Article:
Tally Of The Yes Men





Who would have thought this time last year that a band from Los Angeles with golden melodies and perfect harmonies would be a success story? I mean, doesn't it seem like all of the bands from there are more rock leaning? Good thing for us Goldspot didn't think that way and came around to shatter that myth. The success that Goldspot has encountered thus far can only be described as a fairytale out of a storybook. Lead man and Indian raised Siddhartha Khosla grew up listening to the melodic Bollywood studio recordings that were his parents. When he was a teenager he discovered R.E.M.'s Green on the radio and things started to change. After a visa in London ran out, Siddhartha went to Los Angeles and befriended Egyptian-born Ramy Antoun. The blending of two cultures started out playing for friends and let word of mouth run its course. Eventually influential stations like KCRW and KEXP picked up on the band and things began to happen for them, little by little. Now, on their debut record for Union Records, the band is finally letting the rest of the world discover their greatness. The album starts off with the pop track "Rewind", which features guitars like The Cure and a sweet sounding xylophone. Up next is "Cusp", a song that could easily be mistaken for an Echo And The Bunnymen tune from back in the day. The first single, "Time Bomb", showcases up-tempo jangle guitars along with a faint clock ticking and is a great introduction to the band. The surprise track was "It's Getting Old", a song that is a little darker and arty, very Joy Division/Interpol like in the musicianship (sans the uplifting chimes), and features those patented vocal melodies that the rest of the album plays host to. Then there is "Motorcade", where classical piano intertwines with drums and guitars with real raw emotion. Goldspot remind us that pop music and melody are a good thing, they should be embraced and experienced.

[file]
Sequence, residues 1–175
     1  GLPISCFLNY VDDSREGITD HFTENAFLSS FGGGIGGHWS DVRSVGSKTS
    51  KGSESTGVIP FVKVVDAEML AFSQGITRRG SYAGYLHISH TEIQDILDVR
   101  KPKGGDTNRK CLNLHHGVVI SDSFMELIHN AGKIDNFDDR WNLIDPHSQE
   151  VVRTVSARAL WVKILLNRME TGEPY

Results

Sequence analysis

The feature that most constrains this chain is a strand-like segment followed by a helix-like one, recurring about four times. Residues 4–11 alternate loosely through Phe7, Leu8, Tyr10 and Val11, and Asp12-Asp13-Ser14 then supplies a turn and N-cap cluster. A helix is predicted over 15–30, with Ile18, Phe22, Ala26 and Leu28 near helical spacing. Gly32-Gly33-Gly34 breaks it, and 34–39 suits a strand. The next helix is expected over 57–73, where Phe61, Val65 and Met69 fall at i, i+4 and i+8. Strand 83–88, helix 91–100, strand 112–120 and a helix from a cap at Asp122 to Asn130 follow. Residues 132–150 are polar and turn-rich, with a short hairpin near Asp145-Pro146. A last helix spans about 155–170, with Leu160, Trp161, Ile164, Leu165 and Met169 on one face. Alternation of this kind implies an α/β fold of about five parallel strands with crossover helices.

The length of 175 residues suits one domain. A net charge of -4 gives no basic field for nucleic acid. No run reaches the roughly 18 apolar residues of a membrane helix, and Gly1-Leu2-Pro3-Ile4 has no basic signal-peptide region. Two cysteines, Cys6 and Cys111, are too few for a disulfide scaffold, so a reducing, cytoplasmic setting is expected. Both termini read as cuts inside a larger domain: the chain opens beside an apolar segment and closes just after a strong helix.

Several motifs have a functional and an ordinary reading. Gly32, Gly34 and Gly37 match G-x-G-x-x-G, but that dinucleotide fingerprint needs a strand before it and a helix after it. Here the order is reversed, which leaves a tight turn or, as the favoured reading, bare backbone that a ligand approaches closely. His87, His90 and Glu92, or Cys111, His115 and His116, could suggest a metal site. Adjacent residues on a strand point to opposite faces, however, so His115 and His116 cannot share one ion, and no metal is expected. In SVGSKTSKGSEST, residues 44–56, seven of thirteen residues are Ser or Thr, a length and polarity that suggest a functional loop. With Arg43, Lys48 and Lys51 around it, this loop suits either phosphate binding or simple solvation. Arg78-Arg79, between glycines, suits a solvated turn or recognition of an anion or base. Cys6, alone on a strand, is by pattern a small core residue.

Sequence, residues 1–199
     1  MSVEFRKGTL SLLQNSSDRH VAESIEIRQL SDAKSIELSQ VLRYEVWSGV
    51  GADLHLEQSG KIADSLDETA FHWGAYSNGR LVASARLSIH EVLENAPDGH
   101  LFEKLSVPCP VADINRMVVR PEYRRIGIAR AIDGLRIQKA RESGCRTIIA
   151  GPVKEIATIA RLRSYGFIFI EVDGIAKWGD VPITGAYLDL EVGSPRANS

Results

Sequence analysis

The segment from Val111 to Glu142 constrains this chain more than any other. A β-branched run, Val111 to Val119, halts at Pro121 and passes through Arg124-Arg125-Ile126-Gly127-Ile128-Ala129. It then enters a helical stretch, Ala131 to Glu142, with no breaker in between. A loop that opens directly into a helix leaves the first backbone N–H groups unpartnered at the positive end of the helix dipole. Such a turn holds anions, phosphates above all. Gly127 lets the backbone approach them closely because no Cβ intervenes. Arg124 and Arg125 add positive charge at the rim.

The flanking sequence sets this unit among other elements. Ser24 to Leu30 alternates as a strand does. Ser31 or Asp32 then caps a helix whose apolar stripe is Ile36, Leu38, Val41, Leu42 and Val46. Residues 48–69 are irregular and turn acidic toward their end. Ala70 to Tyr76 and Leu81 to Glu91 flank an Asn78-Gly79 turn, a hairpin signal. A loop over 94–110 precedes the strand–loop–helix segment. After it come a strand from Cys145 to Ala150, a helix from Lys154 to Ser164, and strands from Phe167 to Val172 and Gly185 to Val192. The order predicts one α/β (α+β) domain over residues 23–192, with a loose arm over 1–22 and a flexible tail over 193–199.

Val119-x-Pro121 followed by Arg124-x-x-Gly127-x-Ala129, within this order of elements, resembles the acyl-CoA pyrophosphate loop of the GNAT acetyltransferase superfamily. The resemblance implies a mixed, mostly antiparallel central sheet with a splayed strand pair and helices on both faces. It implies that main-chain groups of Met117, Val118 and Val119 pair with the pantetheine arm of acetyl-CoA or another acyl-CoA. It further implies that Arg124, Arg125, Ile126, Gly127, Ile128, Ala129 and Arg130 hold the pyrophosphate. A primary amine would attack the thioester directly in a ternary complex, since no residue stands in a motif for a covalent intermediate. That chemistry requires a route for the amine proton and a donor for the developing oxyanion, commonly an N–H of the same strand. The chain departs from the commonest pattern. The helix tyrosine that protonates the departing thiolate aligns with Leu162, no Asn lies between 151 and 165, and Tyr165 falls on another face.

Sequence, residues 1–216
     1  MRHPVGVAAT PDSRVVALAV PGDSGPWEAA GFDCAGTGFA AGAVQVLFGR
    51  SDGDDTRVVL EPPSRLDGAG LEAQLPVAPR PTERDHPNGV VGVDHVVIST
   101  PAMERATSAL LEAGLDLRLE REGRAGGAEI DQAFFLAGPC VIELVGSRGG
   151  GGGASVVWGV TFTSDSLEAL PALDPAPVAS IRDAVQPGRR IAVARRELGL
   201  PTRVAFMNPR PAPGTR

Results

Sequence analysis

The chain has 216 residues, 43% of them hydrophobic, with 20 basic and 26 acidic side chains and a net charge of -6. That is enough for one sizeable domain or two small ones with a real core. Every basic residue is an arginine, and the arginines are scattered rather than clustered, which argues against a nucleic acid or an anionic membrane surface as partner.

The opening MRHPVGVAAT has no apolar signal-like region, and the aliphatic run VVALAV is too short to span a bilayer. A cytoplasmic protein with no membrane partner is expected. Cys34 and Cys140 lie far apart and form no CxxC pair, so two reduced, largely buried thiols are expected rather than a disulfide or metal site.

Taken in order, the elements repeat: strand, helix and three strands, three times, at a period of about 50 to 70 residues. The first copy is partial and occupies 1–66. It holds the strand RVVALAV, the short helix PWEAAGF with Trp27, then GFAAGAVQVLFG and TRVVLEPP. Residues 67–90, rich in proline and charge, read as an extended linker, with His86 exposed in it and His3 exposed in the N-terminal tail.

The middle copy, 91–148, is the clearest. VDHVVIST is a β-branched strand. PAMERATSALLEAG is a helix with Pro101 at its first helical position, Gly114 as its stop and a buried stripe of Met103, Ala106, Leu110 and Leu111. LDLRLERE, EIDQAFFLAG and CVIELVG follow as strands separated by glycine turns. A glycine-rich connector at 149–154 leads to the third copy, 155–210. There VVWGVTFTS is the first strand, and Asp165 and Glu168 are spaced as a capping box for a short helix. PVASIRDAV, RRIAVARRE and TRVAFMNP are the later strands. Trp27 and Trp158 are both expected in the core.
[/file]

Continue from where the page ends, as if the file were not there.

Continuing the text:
Goldspot
Union

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Tally Of The Yes Men